Single Transferable Vote Explained
- How the Single Transferable Vote Works
- How to Complete your Ballot Paper
- How STV is Counted
- Counting the First Preference
- Excluding a Candidate
- The 2nd Stage results
- The 3rd Stage
- Final Results of the Count
To understand how a Single Transferable (STV) count works lets look at an imaginary Council Ward called Taghaidh.
Taghaidh is a multi-member ward which is represented by 4 councillors.
One councillor has recently resigned and this leads to a by-election for the 1 vacancy or seat.
In this example there are 4 candidates competing for the 1 vacant seat.
On Polling day – voters in the Taghaidh voted by numbering their candidates in order of preference.
They put a 1 next to their favourite candidate, a 2 next to their second favourite, a 3 by their third, and so on…..
Some people chose to number all the candidates; some choose just three or even just one. This is fine, you can number as many or as few as you like.
Working out the Quota
In this example ward 5000 people cast valid votes; there is 1 seat available and 4 candidates. Before we do anything else we need to work out the number of votes a candidate needs to be elected. This is called the quota.
To calculate the formula we do the following sum:
First we count the preferences for each of the 4 candidates. Nobody had more than the quota so we move to the 2nd round.
As no-one met the quota – the candidate with the fewest votes at the 1st stage is removed from the count.
In this instance this was Caine.
Caine’s votes are then checked again to look for the 2nd preference on the ballot paper, dividing them between the remaining candidates.
This is how it looks after the 2nd Stage.
Of the 732 votes examined, 13 voters indicated a 2nd preference for Barnes taking the total to 779, 429 voters indicated a 2nd preference for Dunn and 194 voters indicated a 2nd preference for Adams. 96 voters only indicated a 1st preference for Caine and made no other mark on the ballot paper so their papers became ‘non-transferable’ at this stage.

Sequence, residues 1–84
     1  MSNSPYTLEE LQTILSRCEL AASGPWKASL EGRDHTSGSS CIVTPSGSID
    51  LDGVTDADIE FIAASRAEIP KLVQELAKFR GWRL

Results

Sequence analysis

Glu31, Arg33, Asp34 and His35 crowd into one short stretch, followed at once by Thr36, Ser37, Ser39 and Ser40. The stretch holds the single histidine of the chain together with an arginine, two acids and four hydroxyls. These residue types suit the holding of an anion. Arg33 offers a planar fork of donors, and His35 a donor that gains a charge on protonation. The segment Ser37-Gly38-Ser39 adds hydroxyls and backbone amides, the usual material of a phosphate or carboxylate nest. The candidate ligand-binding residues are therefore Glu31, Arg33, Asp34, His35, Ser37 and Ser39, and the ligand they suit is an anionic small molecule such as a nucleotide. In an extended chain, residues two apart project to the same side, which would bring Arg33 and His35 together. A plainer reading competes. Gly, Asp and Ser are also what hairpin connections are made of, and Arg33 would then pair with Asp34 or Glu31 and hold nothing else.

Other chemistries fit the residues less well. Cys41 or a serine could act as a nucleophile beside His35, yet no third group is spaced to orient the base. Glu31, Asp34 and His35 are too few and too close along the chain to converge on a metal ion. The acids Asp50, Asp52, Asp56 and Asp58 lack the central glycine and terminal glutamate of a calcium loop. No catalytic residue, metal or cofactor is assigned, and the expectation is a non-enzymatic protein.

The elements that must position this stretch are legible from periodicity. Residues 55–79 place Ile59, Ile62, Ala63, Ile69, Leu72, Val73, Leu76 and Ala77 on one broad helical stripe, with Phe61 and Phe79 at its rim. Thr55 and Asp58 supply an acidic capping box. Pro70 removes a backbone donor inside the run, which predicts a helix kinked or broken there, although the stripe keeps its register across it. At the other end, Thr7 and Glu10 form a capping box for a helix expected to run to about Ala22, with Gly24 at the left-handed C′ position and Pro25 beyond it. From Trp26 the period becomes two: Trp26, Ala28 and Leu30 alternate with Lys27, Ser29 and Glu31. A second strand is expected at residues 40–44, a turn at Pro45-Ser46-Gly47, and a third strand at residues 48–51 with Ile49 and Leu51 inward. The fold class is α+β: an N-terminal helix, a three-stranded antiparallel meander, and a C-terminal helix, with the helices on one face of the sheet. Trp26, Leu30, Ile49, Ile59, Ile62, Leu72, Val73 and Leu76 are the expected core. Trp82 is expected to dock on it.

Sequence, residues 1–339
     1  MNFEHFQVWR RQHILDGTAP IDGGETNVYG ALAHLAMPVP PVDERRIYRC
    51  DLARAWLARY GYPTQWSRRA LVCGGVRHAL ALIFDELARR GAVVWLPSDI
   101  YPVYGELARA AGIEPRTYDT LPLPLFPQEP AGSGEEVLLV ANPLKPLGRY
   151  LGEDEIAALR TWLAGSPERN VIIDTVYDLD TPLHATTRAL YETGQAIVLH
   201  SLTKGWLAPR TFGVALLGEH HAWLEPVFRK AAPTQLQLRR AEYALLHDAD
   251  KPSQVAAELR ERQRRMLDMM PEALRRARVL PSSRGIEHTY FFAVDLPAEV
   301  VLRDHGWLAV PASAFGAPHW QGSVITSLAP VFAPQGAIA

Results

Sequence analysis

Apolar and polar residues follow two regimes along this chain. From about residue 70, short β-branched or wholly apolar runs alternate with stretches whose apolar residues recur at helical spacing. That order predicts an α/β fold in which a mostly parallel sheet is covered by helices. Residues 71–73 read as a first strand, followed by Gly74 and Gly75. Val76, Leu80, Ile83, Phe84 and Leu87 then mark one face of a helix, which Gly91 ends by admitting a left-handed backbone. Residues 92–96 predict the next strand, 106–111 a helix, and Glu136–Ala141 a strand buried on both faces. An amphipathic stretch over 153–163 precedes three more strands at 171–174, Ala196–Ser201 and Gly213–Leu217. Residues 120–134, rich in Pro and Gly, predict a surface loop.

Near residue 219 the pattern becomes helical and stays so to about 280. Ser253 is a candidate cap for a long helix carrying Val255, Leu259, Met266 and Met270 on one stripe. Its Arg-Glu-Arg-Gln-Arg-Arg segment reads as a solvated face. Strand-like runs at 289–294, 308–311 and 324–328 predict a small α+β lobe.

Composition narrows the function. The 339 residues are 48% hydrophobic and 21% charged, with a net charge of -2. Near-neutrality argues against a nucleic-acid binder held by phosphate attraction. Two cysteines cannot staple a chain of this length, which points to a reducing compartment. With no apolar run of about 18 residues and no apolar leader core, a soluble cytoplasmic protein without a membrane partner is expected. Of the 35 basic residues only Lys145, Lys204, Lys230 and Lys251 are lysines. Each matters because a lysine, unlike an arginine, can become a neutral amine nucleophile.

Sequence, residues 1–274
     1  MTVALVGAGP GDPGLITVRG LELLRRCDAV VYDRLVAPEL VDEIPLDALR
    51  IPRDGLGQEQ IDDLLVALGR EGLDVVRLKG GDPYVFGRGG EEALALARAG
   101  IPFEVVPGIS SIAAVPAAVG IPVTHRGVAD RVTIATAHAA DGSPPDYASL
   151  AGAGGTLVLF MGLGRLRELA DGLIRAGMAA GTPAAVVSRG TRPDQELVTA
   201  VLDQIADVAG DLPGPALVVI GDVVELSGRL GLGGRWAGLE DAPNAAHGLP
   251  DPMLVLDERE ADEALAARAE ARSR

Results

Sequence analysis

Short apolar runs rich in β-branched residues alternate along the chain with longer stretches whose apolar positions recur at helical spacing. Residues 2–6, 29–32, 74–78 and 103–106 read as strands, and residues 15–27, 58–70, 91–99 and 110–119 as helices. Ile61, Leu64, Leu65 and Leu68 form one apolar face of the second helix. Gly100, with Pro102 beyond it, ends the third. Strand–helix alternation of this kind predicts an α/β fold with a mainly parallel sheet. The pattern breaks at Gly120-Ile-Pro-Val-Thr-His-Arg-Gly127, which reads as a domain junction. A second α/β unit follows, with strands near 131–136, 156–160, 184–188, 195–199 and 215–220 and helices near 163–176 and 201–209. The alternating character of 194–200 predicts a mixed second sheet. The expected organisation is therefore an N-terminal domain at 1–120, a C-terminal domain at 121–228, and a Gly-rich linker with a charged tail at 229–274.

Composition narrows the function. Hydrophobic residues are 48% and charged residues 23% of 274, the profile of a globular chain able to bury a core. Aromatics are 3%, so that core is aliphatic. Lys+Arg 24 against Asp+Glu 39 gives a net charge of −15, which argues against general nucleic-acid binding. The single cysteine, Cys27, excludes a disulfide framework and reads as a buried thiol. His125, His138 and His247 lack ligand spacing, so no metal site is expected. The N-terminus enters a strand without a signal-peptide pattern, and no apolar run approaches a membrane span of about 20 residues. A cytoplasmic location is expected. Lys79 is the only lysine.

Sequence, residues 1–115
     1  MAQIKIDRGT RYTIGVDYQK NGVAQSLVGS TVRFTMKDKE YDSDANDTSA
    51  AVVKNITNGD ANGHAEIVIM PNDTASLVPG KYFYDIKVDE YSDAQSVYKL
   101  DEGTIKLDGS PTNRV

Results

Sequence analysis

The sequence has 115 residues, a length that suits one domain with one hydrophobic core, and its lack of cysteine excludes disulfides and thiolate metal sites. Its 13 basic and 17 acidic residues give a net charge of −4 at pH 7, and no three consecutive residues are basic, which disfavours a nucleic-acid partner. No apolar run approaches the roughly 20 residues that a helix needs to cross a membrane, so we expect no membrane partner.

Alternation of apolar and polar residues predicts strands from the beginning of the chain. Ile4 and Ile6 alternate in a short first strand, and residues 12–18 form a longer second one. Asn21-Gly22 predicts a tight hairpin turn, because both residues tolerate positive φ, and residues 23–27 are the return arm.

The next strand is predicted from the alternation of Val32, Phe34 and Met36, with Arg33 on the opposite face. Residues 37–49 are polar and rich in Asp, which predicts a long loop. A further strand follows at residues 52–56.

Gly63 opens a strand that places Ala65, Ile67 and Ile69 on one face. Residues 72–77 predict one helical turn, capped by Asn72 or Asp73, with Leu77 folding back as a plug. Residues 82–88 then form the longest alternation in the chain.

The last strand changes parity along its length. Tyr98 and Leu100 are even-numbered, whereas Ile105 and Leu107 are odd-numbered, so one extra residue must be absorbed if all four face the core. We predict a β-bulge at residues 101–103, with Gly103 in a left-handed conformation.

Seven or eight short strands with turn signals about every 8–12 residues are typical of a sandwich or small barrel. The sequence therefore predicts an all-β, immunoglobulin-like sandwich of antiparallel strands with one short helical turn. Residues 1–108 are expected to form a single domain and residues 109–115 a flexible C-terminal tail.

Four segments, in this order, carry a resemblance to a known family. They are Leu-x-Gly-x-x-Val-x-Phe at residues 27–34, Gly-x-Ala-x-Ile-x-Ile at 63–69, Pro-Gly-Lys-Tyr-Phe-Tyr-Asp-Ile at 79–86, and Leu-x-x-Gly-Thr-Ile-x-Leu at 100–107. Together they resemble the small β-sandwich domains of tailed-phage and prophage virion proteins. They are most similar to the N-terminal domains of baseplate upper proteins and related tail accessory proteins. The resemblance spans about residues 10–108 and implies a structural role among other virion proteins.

After transferring Caine’s 2nd preferences, still no-one has reached the quota. So once again we take the candidate with the fewest votes at the 2nd stage and this is Barnes.
Barnes’ votes are then examined again to look for the next available preference after Barnes on the ballot paper dividing them between the remaining candidates.
If the next available preference is for a candidate that has already been excluded, i.e. in this example ‘Caine’ then we look for the next preference after that on that ballot paper.
Of the 779 votes examined, 431 voters indicated a 3rd preference for Adams taking the total to 2583, 278 voters indicated a 3rd preference for Dunn taking the total to 2251 and 70 voters had indicated no further preferences and made no other mark on the ballot paper so their papers became ‘non-transferable’ at this stage, making an overall total of 166.
After the 3rd stage Adams received the most votes after the preferences of the excluded candidates were transferred. Adams is now elected to fill the vacancy in the Taghaidh Ward.
In an STV local government by-election the number of stages is related to the number of candidates who are on the ballot paper and will continue stage by stage until there are two candidates left and the one with the most votes transferred is elected.
In a full STV local government (council) election - where there are 3 / 4 seats are available dependent on the ward being contested, a similar process occurs until either 3 or 4 candidates meet the quota or are left in the contest after other candidates are excluded. Transfers of votes happen in numbers of part decimal point, e.g. 0.528 and as this is complicated to count it is conducted electronically.